This project identified nearly all known genetic determinants of circulating testosterone to date. We use these genetics findings to demonstrate that increased testosterone levels are causally beneficial for male metabolic health (predicting the outcome of a subsequent clinical trial), but deleterious for women's metabolic health. (link)

6 / Ganna et al, ‘Large-scale GWAS reveals insights into the genetic architecture of same-sex sexual behavior’ ​Science (2019)

This study was the first to identify genetic variants reproducibly associated with sexual orientation. Importantly it demonstrates that sexuality is highly complex, with no simple continuum from opposite-sex to same-sex preference, reflecting natural variation underpinned by biological mechanisms. (link)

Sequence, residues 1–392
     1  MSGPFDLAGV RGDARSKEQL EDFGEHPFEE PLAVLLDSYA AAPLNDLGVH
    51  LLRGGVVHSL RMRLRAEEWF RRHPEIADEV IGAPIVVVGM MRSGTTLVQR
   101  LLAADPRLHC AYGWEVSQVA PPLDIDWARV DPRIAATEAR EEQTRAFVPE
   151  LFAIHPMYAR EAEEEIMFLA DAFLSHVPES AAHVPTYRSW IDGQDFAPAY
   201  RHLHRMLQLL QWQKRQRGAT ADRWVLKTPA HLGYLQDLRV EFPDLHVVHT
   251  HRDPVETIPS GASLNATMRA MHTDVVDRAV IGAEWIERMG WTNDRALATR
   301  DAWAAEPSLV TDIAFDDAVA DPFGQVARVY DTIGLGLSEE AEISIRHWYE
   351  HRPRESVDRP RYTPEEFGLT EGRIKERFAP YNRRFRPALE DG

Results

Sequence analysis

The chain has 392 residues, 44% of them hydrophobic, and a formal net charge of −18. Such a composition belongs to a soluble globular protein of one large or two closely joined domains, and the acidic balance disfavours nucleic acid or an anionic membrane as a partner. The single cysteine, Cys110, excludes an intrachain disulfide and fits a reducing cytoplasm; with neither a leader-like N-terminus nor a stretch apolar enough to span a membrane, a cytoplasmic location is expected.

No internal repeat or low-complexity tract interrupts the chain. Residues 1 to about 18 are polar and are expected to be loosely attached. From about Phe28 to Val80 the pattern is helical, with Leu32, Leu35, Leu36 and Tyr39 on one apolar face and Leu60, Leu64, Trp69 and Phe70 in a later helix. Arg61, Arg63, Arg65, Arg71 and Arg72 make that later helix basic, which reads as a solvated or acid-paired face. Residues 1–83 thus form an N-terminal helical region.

7 / Day et al, ‘Elucidating the genetic architecture of reproductive ageing in the Japanese population
Nature Communications (2018)

First large-scale genetic study on reproductive lifespan conducted in women of non-European ancestry. Demonstrated an aetiological role for receptor-like protein tyrosine phosphatases by combining evidence across population genetics and pre- and peri-pubertal changes in hypothalamic gene expression in animal models. (link)

8 / Day et al, ‘Physical and neurobehavioral determinants of reproductive onset and success​Nature Genetics (2016)